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Dolphins don't belong in the desert says advocacy group Special

By Elizabeth Batt     Jul 24, 2014 in Environment
Las Vegas - It's been described by advocates as the dolphin death pool. Tucked away inside The Mirage Hotel and Casino Resort in Las Vegas, are ten bottlenose dolphins. All of them are suffering from the desert heat says the Mojave Dolphin campaign.
The Mirage hotel has long been at the center of controversy over the keeping of dolphins at its resort. According to the World Society for the Protection of Animals (WSPA), the Nevada casino has one of the worst records on paper when it comes to dolphin welfare.
In a 2008 report called 'Dying to Entertain You', WSPA wrote that The Mirage had lost 12 of 18 dolphins since it first opened its marine mammal exhibit in 1990 — a 70% mortality rate. Today, advocates believe, that conditions at the resort have not improved much.
The Mirage currently houses 10 dolphins: Duchess, Lightning, HufNPuf, Maverick, Beetle, Osborne, Bella, K2, Miramar, and Sophie. Sophie was sent to the resort from SeaWorld, California in March 2014.
Shelly Rae, the Campaign Director for 'Free the Mojave Dolphins' has been reporting on the dolphins' welfare since January 2013. Their conditions bothered Rae so much, that in May 2013, she moved to Vegas to continue her observations. She's been holding protests at the facility since July of last year.
One dolphin in particular named Maverick, is of great concern to the activist. The male bottlenose who was born at the facility, is one of three dolphins suffering with a contagious virus called dolphin poxvirus.
"Maverick is still covered in pox," Rae told Digital Journal.
Dolphin poxvirus causes circular tattoo lesions on the body of the animal. Many publications such as this one published by the National Center for Biotechnology, cite, "stress, environmental conditions and general health," as playing, "a major role in the clinical manifestation of dolphin pox."
The CRC Handbook of Marine Mammal Medicine reiterates this sentiment, citing studies describing the lesions as the product of poor environmental conditions:
Poor water quality, drastic drops in water temperature and the development of gastric ulcers have all coincided with the onset of poxvirus lesions.
Maverick says Rae, has suffered with the condition for years. "I have seen photos of him from over two years ago with the condition. It has only gotten worse." Ironically, Rae added, the dolphin is now defined by his lesions. "The trainers use the condition as a way to tell the public who he is, or how to tell which dolphin he is," she said.
One month ago, Martyn Stewart of Nature Sound, visited The Mirage to examine the conditions of the dolphin exhibit for himself. Stewart, whose recordings have been included in over 150 feature films across radio and television, reported that on the day of his visit, temperatures reached 104 degrees Fahrenheit and the dolphins were afforded no shade. [See featured video above].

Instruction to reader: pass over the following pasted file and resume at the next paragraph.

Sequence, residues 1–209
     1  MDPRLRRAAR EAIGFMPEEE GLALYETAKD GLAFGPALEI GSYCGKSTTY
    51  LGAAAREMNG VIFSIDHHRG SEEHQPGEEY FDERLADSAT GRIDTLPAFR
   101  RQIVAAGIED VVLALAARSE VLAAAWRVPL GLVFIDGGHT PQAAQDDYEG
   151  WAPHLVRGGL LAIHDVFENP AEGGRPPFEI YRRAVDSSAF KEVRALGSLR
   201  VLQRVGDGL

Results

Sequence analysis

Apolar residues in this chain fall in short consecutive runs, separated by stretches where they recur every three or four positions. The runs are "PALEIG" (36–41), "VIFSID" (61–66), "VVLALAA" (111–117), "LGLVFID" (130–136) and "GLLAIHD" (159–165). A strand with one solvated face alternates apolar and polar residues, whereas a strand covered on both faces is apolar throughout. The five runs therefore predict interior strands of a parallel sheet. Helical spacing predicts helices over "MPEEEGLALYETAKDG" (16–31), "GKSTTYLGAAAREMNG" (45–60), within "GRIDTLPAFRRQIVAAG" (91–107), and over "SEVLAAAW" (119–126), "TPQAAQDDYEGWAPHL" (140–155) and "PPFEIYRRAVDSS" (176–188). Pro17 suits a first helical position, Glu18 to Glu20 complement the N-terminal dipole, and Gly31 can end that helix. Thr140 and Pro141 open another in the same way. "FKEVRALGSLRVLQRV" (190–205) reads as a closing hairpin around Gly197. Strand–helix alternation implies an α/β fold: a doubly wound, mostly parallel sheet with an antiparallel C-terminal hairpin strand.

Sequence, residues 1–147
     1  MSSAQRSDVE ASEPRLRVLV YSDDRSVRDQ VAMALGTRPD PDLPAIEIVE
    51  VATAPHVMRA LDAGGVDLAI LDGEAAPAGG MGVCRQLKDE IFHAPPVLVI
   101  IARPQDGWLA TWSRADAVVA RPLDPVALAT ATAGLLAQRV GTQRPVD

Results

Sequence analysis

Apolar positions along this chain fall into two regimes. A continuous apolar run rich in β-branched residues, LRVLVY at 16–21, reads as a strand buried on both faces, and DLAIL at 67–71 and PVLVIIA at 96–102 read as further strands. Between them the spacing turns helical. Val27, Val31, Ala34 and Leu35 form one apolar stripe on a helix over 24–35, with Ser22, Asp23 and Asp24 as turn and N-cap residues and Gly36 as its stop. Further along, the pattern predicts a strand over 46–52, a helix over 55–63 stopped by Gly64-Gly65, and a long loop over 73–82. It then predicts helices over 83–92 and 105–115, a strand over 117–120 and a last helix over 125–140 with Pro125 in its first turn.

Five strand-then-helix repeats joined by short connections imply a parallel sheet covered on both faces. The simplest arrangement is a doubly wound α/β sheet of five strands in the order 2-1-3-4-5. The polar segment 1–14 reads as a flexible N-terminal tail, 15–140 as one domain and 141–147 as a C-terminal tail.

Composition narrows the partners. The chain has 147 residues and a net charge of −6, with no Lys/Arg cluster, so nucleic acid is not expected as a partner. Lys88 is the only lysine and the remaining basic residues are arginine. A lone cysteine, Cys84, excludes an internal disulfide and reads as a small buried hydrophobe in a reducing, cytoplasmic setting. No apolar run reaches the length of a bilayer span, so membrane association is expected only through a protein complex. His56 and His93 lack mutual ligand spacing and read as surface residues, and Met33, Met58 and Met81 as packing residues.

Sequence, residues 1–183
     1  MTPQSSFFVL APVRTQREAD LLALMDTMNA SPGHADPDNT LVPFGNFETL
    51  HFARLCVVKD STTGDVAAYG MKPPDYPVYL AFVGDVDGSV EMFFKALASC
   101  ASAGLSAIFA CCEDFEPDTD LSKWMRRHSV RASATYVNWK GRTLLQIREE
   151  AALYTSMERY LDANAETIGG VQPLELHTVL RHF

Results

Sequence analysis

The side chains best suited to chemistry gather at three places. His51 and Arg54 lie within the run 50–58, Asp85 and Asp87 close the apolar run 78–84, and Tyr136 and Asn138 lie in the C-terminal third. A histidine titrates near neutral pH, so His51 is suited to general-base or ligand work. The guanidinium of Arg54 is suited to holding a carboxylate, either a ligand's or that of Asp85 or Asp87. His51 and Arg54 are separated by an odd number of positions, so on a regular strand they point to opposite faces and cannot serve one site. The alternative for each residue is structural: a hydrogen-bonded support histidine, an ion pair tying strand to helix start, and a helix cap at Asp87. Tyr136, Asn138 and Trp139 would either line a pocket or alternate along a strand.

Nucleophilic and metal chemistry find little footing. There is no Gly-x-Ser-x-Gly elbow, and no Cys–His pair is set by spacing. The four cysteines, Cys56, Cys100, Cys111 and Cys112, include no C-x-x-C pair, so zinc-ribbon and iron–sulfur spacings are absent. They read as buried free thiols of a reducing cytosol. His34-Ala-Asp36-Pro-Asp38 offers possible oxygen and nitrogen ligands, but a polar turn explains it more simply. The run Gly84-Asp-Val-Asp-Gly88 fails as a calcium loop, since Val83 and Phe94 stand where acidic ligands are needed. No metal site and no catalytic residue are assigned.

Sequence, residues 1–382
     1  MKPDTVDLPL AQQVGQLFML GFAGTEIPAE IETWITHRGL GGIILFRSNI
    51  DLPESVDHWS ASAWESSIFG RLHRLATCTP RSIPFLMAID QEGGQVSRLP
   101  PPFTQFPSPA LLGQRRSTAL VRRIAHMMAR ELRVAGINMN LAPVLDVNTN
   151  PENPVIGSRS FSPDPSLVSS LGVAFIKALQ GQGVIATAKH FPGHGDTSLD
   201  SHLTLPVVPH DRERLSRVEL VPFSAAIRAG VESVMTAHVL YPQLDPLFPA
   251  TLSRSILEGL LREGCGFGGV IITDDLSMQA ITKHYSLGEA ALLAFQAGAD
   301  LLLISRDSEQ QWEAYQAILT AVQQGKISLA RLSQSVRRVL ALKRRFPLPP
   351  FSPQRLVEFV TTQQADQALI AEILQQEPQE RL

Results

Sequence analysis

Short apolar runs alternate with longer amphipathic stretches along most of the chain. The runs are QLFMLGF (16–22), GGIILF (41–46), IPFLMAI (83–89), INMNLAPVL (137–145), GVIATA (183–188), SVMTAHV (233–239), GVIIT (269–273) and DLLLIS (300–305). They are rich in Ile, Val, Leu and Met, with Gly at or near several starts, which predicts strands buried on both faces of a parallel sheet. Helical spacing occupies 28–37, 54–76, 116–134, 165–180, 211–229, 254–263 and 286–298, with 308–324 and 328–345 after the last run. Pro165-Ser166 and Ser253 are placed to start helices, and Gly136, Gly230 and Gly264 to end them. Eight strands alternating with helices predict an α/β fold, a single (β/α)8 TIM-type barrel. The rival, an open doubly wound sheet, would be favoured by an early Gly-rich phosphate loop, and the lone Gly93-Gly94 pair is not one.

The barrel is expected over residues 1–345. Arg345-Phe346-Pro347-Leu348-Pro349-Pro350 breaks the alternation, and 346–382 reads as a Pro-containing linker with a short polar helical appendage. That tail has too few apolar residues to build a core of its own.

It is an issue that Rae has taken directly to the US Department of Agriculture's, Animal and Plant Health Inspection Service or APHIS, the agency responsible for protecting animal health and welfare through the application of the Animal Welfare Act (AWA).
"We have filed complaints with USDA/APHIS," Rae told me. The complaints expressed concern over water conditions, the poxvirus, the lack of quarantine for infected animals, and the absence of shade. Section 3.103 of the Animal Welfare Act requires that facilities provide natural or artificial shelter for all marine mammals kept outdoors.
"They did not cite The Mirage on any of them," Rae said, "but did say that 3.103(B) is under review."
Digital Journal contacted APHIS yesterday with Rae's concerns. I was particularly interested in water quality conditions and whether the waters had been tested. The Mirage it appears, has never provided shade for its dolphins, so I hoped to determine whether the facility had been cited for not doing so in the past. I also queried all non-compliance issues by The Mirage and what measures — if any, had been taken by APHIS under the guidelines of the AWA. They have not yet responded to the inquiries.
For Rae, the welfare of the dolphins remains her primary concern, and she'll get more support in October when the Campaign Director for the Dolphin Project — Ric O'Barry, joins her for a showing of the Academy award-winning documentary, 'The Cove'.
The advocate noted that attempts to work with people in California over the release of the dolphins to a sea pen are also in the works, and the campaign hopes to work with lawmakers in Nevada on laws to stop the import and breeding of the dolphins in the state of Nevada. For now, Rae plans to keep up the pressure. "We will continue our protests and try different avenues," she said.
For further information on Rae's campaign, visit the Free the Mojave Dolphins page on Facebook, or follow them on Twitter @VegasDolphins.
More about Free the Mojave Dolphins, Las vegas, the mirage, dolphin shows, ric o'barry
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